After driving more than 1700 miles, I stood in front of an audience of four and said those words. This was my first presentation about Celebration House and marketing genius that I am, I decided there was no better place to do this than Lexington, Missouri, where the book takes place. Thus the oh-so-long drive.

I hoped to have an audience of 10 people. The Lexington newspaper printed a small article about Celebration House. Sure, it was nearly word-for-word from the press release that the library gave them and it was on page 4. But, hey! I was in the Lexington News.

As the day approached, I tried to decrease my anxiety by telling myself that no one would come, but I was wrong. Tucked downstairs in the basement of the Lexington branch of the Trails Library, I had an audience of four. Two of those were my husband and our son.

Mary, the first audience member to arrive, was a print journalist who just helped publish a pictorial history of Lexington. I bought a copy of this amazing book, and Chris and I poured over its pages the rest of the trip. We history nerds loved it!

The other attendee, Larry, was writing a genealogy of his family. He and I talked about the pros and cons of self-publishing, and he told me that Lexington actually had two Civil War battles, though the second one wasn’t of much consequence.

Larry made me laugh. When he saw my cover and the ghostly soldier outfitted in blue, he said, “You know Lexington was pro-south, don’t you?” I did indeed, but I quickly explained the hero of my book served under Col. James Mulligan from St. Louis. Larry nodded a curt approval.

Both of these attendees were a delight. My 30-minute presentation stretched into an hour and a half. The woman was determined to buy my book, and we spent the last 10 minutes of the session trying to navigate the Tirgearr website so I would receive the most money. I gave up when the Amazon page she’d been directed to asked for payment in English pounds. In all of my interest in these two attendees, I forgot to actually read the first chapter from the book. Oops.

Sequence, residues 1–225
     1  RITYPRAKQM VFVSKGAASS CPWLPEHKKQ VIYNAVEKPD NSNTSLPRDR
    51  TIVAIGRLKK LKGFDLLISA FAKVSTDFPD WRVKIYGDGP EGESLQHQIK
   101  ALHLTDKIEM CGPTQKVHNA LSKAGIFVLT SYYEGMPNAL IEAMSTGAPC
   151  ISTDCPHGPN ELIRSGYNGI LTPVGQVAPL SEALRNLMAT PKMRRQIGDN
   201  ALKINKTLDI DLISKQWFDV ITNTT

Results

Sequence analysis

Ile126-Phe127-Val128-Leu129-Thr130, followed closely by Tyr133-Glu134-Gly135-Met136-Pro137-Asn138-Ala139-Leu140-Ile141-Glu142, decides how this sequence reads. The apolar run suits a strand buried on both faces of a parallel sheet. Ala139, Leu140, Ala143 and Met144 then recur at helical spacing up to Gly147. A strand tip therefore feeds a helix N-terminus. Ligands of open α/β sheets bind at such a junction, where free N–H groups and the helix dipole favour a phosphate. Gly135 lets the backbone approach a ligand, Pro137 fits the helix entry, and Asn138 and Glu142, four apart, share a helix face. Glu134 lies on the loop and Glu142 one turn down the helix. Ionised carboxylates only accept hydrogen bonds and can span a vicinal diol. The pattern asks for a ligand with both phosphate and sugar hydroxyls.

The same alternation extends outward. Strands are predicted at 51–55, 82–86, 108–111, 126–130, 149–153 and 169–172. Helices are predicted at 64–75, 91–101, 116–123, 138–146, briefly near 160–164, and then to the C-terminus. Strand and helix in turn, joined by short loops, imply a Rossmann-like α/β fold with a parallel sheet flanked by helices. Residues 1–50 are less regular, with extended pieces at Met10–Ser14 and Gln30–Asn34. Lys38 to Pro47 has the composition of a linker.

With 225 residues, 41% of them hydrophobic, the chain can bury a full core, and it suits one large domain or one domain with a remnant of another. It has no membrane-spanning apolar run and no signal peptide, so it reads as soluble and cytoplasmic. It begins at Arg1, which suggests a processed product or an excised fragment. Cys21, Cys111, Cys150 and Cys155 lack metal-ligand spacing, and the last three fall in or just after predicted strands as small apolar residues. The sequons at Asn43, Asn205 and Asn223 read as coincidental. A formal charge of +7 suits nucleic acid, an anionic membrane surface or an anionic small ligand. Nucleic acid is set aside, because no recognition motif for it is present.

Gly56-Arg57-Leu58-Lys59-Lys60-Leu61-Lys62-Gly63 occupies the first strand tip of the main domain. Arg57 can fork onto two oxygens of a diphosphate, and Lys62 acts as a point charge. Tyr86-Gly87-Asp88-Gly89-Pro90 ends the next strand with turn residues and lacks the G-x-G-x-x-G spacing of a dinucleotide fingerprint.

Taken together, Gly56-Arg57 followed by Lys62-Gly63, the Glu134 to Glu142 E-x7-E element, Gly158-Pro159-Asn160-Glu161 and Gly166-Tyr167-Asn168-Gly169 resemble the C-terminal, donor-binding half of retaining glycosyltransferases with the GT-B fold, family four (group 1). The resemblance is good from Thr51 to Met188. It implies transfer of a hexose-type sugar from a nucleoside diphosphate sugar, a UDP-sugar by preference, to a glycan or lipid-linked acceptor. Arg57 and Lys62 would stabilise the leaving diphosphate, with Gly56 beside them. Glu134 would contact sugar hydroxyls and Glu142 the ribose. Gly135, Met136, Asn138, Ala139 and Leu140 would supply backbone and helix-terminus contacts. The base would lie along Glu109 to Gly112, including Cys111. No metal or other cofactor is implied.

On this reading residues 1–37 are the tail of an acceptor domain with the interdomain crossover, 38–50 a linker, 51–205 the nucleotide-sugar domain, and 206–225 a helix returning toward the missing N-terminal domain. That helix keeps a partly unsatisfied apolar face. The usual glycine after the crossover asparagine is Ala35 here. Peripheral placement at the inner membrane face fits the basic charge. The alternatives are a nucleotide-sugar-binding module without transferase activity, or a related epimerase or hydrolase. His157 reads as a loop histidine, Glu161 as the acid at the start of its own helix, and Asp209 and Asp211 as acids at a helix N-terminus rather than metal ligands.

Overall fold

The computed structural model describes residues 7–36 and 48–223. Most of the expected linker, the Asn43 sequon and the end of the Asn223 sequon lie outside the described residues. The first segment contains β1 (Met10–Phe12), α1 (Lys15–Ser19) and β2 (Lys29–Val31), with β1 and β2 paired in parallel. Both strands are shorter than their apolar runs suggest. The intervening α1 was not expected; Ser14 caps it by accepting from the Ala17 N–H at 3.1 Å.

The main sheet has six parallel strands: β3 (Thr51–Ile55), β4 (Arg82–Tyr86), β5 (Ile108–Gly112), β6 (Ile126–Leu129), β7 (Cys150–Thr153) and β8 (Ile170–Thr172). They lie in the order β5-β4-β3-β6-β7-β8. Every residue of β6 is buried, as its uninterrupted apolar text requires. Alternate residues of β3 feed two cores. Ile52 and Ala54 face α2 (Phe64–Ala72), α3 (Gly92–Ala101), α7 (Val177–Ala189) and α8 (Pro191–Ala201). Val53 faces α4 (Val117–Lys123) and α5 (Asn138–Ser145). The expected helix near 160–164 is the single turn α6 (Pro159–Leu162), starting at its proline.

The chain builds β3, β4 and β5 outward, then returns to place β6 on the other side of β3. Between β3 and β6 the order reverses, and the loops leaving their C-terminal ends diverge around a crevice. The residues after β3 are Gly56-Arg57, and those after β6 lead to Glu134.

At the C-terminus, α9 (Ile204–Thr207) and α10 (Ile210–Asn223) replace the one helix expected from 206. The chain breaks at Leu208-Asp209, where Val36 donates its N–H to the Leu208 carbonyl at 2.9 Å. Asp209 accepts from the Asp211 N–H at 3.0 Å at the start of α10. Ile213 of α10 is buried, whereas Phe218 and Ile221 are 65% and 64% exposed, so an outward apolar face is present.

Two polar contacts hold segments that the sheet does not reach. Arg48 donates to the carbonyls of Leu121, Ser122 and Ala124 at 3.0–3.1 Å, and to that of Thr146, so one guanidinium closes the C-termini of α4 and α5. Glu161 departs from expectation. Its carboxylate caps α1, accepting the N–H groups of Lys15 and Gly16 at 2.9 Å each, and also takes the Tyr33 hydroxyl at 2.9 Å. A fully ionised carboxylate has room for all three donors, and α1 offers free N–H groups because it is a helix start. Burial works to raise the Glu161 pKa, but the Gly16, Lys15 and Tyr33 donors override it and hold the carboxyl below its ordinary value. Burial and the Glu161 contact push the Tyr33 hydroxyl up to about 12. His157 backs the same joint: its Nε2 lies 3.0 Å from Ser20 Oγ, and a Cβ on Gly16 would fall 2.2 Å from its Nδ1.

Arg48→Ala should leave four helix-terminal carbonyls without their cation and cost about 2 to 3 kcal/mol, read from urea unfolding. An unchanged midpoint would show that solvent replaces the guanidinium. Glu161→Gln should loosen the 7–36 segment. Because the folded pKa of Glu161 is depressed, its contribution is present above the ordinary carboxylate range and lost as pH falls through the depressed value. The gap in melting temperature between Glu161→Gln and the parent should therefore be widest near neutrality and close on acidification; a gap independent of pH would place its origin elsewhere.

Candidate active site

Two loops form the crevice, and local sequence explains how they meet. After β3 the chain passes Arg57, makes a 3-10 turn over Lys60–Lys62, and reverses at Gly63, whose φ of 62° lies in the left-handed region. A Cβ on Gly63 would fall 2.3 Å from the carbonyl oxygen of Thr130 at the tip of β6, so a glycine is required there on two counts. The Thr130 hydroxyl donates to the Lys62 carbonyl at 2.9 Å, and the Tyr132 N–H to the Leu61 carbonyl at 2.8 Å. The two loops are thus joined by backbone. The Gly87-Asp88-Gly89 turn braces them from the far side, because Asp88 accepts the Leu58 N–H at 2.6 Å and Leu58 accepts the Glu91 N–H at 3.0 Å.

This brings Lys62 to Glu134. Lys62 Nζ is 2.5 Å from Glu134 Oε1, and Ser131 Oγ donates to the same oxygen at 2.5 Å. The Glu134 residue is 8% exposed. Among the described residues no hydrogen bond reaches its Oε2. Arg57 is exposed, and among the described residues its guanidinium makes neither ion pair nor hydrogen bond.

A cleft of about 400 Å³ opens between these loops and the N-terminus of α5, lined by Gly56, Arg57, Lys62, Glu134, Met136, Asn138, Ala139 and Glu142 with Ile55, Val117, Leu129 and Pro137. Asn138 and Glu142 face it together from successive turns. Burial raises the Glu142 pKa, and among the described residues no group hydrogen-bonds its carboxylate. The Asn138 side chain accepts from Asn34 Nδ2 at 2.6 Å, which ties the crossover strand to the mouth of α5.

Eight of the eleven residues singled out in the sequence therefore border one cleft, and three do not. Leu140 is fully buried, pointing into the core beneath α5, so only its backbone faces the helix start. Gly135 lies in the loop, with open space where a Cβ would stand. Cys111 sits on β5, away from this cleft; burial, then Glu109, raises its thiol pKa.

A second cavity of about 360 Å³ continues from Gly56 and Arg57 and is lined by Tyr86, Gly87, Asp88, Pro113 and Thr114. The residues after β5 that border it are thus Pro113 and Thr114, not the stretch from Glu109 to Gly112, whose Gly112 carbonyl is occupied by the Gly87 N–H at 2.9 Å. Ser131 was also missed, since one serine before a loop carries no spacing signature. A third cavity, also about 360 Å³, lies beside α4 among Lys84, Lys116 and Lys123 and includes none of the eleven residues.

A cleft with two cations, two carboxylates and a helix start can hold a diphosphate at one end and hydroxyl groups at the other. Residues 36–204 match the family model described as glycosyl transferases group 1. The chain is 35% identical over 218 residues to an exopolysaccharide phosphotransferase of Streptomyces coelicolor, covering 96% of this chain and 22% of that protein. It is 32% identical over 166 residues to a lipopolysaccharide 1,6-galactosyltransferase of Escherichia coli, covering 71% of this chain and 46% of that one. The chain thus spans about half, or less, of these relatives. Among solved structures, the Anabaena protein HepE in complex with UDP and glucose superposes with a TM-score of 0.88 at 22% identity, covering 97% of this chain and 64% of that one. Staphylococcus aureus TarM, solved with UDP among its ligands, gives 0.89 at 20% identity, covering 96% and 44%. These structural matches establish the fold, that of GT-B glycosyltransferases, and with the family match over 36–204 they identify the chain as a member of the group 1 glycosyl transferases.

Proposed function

A huge shout-out to my amazing husband, who drove nearly all of those 1,700 miles and stayed up until midnight the night before the presentation to change a flat tire. Thanks to my mother-in-law who bought us an AAA membership for the road. And of course, thanks to the staff – Carol, Donna and Mardeana – at Trails Library for hosting me.    

But even after the library presentation, my book tour wasn’t done. At the Obermeier family reunion the next day, I saw my Aunt Mary Rose. This, truthfully, was one of the purposes of the trip – to see and talk with this amazing woman who played such an important role in my childhood. I was also delighted to see my Uncle Jack, Aunt Joann, cousins Debbie, Bill and David.  

At the reunion, I showed my power point again and a cousin’s wife, Connie, told me she would buy the book. At the end of the reunion, I was approached by an older relative, Bill. He wanted to buy my book because, like me, he suffers from insomnia and reading books on Kindle helps him through some long nights. I was delighted to show him Celebration House.

The next day, I met my father’s new significant other, Margaret. She saw my book and bought a copy, then posted it to Facebook and told me her friends were buying it.

We spent a few days invading, I mean visiting, my sister, Barb. On our last day at her house, Wilda, the clerk at the Prengers grocery store, told me she’d gone looking for me on Facebook and had stumbled onto my book. Why hadn’t I told her I wrote books? I explained that self-promotion sometimes felt awkward to me. She told me she had already bought and downloaded Celebration House.

Perhaps the event at the library in Lexington with my audience of two wasn’t worth driving 1,700 miles. But reconnecting with my family and meeting these new readers was.

Hands and arms inside the cart, please. Next: More treasure from the long road trip.

Rethinking my relationship with e-readers

I remember when Barnes & Noble first started hawking their e-reader, the Nook. They removed all the books from the front 10 feet of the store and installed a huge white desk with a handful of the devices and a salesperson. I’ll be honest: I’m not always the first to embrace change. So, I figured as I long as I kept my head down and didn’t make eye contact, I’d be safe and the salesperson would leave me alone. It worked.

My own daughters weren’t so reluctant to embrace change. My oldest showed up with her i-pad one weekend visit and told me how she loved to read books on it. My younger daughter was given a Kindle by her boyfriend’s mother. Both love this technology.